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Provence Travel Guide

  • Photo: Mark52 / Shutterstock

Arles

Reigning over the bleak but evocative landscape of the marshlands of the Camargue, the small city of Arles is fiercely Provençal, nurturing its heritage and parading its culture at every colorful opportunity. Warming the wetlands with its atmosphere, animation, and culture, it is a patch of hot color in a sepia landscape—and an excellent home base for sorties into the raw natural beauty and eccentric

villages of the Rhône delta.

If you were obliged to choose just one city to visit in Provence, lovely little Arles would give Avignon and Aix a run for their money. It's too charming to become museumlike yet has a wealth of classical antiquities and Romanesque stonework; quarried-stone edifices and shuttered town houses shading graceful Old Town streets and squares; and pageantry, festivals, and cutting-edge arts events. Its atmospheric restaurants and picturesque small hotels make it the ideal headquarters for forays into the Alpilles and the Camargue.

Yet compared to Avignon and Aix, it's a small town. You can zip into the center in five minutes without crossing a half hour's worth of urban sprawl. And its monuments and pretty old neighborhoods are conveniently concentrated between the main artery Boulevard des Lices and the broad, meandering Rhône.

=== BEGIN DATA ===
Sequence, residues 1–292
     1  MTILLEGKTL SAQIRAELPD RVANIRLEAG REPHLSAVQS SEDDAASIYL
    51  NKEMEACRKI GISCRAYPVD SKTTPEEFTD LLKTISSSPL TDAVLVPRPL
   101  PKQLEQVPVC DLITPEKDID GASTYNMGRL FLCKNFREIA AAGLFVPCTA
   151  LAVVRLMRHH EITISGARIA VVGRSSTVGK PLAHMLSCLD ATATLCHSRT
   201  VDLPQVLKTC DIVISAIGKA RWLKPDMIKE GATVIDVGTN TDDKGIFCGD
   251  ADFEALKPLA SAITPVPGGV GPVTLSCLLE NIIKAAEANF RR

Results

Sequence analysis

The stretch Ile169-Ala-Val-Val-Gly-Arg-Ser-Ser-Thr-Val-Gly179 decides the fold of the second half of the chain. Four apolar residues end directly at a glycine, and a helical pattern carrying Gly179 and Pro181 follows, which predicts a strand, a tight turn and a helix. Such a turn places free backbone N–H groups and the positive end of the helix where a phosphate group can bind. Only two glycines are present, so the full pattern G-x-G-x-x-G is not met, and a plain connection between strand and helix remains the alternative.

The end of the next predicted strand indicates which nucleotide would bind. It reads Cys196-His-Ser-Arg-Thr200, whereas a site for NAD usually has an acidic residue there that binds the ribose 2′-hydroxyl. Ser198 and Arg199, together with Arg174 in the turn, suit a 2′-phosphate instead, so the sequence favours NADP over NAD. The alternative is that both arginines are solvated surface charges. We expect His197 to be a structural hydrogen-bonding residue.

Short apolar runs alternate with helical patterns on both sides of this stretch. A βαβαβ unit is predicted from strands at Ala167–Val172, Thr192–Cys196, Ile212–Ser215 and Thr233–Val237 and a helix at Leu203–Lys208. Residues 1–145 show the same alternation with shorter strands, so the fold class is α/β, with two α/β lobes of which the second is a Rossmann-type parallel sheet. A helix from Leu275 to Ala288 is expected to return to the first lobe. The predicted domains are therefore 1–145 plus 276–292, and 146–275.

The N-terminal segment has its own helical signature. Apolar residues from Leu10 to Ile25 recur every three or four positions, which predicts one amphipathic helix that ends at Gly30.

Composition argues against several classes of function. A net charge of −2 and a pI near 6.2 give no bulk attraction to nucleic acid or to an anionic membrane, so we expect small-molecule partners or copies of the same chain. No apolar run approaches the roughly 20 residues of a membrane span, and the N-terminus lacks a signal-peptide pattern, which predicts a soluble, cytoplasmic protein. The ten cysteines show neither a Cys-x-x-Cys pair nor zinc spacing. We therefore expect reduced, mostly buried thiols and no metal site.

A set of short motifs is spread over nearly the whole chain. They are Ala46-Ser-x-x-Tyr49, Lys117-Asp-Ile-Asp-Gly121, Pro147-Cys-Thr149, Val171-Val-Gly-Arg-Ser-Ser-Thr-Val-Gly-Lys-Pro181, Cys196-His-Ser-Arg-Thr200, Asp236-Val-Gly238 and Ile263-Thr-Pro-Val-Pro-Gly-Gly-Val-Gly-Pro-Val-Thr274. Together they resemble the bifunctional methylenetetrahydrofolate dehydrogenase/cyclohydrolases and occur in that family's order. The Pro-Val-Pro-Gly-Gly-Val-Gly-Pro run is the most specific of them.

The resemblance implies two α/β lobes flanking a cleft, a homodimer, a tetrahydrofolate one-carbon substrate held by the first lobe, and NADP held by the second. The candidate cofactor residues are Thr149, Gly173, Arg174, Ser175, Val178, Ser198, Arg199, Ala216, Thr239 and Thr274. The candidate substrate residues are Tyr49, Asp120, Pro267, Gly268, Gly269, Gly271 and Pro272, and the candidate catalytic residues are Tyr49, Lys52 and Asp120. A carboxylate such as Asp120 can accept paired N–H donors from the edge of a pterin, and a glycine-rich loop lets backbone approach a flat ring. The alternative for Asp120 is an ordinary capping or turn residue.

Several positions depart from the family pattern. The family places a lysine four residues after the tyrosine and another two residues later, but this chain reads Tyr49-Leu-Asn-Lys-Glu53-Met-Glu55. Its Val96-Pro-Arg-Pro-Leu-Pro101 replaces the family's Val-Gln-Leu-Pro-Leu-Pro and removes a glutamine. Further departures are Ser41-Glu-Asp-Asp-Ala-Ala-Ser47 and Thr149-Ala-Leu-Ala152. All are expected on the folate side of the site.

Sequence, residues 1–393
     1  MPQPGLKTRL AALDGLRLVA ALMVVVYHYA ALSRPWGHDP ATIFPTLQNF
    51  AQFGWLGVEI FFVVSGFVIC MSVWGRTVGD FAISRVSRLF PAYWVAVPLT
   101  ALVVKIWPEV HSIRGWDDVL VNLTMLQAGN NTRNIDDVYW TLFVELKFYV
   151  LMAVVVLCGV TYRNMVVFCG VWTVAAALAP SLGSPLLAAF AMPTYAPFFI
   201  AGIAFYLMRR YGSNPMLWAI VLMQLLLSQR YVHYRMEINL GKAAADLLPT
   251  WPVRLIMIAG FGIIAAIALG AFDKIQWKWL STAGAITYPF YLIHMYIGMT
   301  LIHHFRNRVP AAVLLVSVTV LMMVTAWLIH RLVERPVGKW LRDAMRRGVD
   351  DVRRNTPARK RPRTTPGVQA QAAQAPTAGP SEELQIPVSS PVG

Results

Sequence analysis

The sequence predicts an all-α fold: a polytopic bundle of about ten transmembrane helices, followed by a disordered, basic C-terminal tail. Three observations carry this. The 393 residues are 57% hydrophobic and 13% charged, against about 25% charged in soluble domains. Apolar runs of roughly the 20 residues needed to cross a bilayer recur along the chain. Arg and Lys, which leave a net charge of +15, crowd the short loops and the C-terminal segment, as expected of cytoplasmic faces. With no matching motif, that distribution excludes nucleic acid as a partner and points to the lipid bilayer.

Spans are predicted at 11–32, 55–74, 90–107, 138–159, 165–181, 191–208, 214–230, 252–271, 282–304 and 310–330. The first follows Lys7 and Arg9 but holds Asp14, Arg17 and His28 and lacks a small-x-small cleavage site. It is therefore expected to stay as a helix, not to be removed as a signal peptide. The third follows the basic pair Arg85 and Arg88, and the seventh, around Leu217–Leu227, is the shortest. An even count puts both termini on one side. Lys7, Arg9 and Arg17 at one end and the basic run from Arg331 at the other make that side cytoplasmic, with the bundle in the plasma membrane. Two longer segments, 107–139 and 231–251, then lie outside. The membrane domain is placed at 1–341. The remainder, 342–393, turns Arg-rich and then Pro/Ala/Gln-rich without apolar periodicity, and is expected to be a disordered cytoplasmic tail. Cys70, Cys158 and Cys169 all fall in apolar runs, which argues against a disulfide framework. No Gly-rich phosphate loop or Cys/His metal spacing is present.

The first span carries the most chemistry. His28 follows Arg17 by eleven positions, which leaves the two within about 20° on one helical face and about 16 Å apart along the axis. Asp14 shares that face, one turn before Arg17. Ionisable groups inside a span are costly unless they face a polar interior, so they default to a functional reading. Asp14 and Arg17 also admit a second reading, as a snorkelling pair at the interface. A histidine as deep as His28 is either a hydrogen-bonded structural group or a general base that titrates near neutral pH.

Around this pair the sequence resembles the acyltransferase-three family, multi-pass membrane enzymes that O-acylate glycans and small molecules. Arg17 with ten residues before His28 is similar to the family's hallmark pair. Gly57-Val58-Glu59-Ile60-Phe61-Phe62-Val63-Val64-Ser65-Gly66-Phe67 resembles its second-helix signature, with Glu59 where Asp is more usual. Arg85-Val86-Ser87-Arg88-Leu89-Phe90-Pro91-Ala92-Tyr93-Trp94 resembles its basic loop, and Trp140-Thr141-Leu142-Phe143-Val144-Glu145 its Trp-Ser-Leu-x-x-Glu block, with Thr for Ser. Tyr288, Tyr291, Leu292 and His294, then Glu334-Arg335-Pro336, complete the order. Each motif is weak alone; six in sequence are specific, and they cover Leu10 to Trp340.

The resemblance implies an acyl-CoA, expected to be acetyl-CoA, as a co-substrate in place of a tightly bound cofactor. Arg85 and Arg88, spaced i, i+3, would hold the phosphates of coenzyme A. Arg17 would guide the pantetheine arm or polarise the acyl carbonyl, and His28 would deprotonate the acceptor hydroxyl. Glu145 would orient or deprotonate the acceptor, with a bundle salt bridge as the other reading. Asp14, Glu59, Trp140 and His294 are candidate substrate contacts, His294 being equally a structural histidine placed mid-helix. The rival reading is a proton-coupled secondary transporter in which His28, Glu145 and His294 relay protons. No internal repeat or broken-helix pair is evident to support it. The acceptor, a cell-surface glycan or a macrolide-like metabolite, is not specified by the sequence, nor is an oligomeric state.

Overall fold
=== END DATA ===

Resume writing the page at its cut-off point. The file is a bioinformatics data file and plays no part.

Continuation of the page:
It wasn't always such a mellow site. A Greek colony since the 6th century BC, little Arles took a giant step forward when Julius Caesar defeated Marseille in the 1st century BC, transforming it into a formidable civilization—by some accounts, the Rome of the north. Fed by aqueducts, canals, and solid roads, it profited from all the Romans' modern conveniences: straight paved streets and sidewalks, sewers and latrines, thermal baths, a forum, a hippodrome, a theater, and an arena. It became an international crossroads by sea and land and a market to the world. The emperor Constantine himself moved to Arles and brought with him Christianity.

The remains of this golden age are reason enough to visit Arles today. Yet its character nowadays is as gracious and low-key as it once was cutting-edge. If you plan to visit many of the monuments and museums in Arles, purchase a visite générale ticket for €13.50, which covers admission to all of them.

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